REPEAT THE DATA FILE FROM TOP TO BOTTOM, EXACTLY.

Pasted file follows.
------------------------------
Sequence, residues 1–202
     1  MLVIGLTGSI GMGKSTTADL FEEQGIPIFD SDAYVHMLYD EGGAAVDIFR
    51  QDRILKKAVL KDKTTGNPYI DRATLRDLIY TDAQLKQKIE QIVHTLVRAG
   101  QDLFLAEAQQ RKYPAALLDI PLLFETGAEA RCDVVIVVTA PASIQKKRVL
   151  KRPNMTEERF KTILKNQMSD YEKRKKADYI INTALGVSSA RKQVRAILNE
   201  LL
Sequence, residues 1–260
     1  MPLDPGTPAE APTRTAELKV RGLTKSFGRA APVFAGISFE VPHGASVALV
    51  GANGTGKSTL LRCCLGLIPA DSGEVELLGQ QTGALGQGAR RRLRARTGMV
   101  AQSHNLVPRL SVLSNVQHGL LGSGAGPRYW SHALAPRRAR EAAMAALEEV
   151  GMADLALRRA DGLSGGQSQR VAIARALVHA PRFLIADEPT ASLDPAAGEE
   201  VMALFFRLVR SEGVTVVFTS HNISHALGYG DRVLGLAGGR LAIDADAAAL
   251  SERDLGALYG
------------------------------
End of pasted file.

Sequence, residues 1–202
     1  MLVIGLTGSI GMGKSTTADL FEEQGIPIFD SDAYVHMLYD EGGAAVDIFR
    51  QDRILKKAVL KDKTTGNPYI DRATLRDLIY TDAQLKQKIE QIVHTLVRAG
   101  QDLFLAEAQQ RKYPAALLDI PLLFETGAEA RCDVVIVVTA PASIQKKRVL
   151  KRPNMTEERF KTILKNQMSD YEKRKKADYI INTALGVSSA RKQVRAILNE
   201  LL
Sequence, residues 1–260
     1  MPLDPGTPAE APTRTAELKV RGLTKSFGRA APVFAGISFE VPHGASVALV
    51  GANGTGKSTL LRCCLGLIPA DSGEVELLGQ QTGALGQGAR RRLRARTGMV
   101  AQSHNLVPRL SVLSNVQHGL LGSGAGPRYW SHALAPRRAR EAAMAALEEV
   151  GMADLALRRA DGLSGGQSQR VAIARALVHA PRFLIADEPT ASLDPAAGEE
   201  VMALFFRLVR SEGVTVVFTS HNISHALGYG DRVLGLAGGR LAIDADAAAL
   251  SERDLGALYG